While this may be the most extreme diet on the list, it may also bring with it some of the best benefits.

A study conducted by George Washington University and the University of Toronto examined the effects a low-fat, whole grain vegan diet on participants with type 2 diabetes over a 22 week trial period.

Some participants were given unlimited amounts of veggies, fruits, legumes, and whole grains in an attempt to follow a vegan meal plan. Other subjects followed a diet based on the American Diabetes Association (ADA) guidelines.

Here’s what the researchers discovered:

  • 43% of the vegan group reduced their medications, compared to 26% on the ADA diet.
  • Those whose medications did not change still had lower hemoglobin A1C, an index of long-term blood glucose control, by 1.2 points. This was three times higher than the change in the ADA group.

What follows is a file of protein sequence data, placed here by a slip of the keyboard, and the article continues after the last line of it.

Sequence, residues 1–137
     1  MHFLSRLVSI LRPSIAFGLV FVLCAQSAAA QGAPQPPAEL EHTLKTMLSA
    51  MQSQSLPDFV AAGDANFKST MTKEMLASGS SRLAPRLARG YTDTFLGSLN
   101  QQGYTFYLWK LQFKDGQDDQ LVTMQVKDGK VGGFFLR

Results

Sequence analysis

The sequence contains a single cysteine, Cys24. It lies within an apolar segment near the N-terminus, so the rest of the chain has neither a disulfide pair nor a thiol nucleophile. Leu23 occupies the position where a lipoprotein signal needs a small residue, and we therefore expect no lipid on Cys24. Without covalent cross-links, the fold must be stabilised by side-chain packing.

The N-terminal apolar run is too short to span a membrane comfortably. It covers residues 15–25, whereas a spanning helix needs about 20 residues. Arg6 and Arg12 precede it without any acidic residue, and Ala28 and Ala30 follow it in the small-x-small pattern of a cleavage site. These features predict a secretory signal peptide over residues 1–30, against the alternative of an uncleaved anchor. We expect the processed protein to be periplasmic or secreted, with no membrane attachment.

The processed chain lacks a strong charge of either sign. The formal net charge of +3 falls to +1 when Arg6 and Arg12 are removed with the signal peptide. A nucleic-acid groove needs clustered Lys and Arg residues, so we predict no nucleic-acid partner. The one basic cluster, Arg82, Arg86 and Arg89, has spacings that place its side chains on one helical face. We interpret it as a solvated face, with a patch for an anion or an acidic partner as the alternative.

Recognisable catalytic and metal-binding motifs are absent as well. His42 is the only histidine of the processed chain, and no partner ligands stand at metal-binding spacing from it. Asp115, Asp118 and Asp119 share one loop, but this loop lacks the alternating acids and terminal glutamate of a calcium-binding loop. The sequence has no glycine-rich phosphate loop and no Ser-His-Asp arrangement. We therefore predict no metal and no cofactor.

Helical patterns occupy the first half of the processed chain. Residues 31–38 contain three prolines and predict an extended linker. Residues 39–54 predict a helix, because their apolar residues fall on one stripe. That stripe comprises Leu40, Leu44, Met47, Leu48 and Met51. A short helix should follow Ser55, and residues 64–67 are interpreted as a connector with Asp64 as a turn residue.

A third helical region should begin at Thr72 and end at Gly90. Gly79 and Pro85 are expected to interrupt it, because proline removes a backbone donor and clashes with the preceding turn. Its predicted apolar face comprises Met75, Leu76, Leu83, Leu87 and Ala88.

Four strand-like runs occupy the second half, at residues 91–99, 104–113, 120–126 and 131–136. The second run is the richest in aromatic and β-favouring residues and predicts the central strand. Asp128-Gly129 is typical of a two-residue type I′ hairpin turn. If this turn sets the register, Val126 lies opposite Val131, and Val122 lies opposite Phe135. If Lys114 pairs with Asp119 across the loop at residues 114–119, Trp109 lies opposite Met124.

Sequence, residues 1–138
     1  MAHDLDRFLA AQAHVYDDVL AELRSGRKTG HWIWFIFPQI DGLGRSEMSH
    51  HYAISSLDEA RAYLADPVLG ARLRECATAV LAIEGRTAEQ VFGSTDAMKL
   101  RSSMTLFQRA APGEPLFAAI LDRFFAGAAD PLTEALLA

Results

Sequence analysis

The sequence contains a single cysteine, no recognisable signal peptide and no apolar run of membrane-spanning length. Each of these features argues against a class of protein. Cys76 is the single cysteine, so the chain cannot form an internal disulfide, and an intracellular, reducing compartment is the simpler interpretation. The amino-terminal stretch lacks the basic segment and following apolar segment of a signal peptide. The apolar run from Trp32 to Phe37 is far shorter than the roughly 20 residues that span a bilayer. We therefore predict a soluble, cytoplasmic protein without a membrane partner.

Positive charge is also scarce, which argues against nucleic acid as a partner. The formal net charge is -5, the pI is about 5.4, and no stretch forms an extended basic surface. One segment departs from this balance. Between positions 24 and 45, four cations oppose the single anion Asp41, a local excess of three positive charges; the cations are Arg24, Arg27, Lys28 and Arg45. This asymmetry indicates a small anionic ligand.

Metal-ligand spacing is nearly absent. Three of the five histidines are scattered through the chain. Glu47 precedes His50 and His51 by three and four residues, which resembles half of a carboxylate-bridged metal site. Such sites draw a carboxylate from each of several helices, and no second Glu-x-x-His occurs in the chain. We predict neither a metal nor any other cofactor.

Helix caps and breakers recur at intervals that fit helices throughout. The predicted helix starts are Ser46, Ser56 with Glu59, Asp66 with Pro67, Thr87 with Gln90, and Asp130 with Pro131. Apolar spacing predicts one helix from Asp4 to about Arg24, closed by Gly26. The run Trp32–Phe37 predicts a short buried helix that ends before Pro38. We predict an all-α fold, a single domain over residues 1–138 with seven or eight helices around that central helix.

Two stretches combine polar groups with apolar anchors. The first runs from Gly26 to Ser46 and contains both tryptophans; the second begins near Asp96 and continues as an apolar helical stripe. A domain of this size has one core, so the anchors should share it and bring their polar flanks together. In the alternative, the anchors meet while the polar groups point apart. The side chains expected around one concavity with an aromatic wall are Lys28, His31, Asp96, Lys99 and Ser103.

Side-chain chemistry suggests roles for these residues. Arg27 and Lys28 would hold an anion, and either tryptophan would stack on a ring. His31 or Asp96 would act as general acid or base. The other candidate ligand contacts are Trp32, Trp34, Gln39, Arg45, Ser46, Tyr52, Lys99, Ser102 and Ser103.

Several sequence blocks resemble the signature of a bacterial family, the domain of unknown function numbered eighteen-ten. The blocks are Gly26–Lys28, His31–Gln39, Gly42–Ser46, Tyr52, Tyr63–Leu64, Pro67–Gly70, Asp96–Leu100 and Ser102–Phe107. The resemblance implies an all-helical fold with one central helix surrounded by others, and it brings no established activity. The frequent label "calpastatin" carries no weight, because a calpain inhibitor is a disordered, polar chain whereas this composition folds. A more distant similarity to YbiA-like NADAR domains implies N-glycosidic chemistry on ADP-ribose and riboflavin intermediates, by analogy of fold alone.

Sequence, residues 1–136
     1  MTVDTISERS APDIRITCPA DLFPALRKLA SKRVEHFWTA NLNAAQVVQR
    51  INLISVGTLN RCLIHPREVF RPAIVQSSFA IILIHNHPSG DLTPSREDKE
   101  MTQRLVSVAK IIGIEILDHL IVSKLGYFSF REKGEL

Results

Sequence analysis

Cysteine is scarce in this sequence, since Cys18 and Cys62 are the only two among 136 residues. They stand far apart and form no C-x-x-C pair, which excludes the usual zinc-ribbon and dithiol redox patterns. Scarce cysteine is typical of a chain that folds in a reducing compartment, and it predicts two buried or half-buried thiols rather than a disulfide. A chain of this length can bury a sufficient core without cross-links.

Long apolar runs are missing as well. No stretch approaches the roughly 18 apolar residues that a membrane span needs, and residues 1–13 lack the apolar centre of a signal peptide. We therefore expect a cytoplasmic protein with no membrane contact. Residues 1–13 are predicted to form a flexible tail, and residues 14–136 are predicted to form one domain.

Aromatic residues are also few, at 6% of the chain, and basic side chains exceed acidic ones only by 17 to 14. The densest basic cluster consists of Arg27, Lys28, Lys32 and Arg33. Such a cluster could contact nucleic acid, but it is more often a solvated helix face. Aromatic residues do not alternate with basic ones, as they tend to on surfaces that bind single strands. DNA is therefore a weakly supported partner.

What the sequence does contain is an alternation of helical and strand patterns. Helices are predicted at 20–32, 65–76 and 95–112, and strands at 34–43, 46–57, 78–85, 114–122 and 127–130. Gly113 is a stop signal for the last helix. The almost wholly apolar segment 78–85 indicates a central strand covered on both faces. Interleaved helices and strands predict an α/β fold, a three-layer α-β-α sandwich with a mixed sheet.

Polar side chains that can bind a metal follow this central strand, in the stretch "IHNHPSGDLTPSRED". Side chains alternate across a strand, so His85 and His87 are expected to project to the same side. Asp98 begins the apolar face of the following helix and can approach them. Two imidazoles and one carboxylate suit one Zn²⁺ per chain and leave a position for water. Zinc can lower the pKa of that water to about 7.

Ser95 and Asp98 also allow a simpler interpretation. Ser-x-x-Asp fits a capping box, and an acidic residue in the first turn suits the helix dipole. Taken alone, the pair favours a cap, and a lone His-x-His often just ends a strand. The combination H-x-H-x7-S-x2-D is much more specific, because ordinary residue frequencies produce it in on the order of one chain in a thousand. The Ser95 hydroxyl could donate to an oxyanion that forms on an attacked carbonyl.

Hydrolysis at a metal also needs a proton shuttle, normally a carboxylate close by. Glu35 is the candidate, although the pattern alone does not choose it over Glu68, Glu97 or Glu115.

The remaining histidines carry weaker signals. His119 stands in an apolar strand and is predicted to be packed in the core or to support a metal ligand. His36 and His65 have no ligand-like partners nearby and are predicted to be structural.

• The vegan group members lost an average of 13 pounds; the ADA participants only dropped 9 pounds
  • Participants whose lipid-lowering medications remained the same still had more substantial decreases in their total and LDL cholesterol levels (the bad ones) compared to the ADA group.

One of the best things about being on a vegan diet is that you usually eat less than your recommended daily amount of calories since the fiber from all the fruits, veggies, and legumes fills you up and keeps you satisfied throughout the day – which leaves just a little bit of wiggle room in the dessert department.

What? Did you think I wouldn’t find a delicious diabetic-friendly vegan dessert?

This recipe for Chocolate Peanut Butter Cups will have you forgetting those terrible-for-you ones in the orange wrapper.

Bottom Layer:

  • 2 tbsp coconut oil, melted
  • 1/4 cup smooth peanut butter
  • 1 tsp pure vanilla extract
  • 1/4 cup unsweetened cocoa powder
  • 2 packets pure stevia

Top Layer:

  • 2 tbsp coconut oil, melted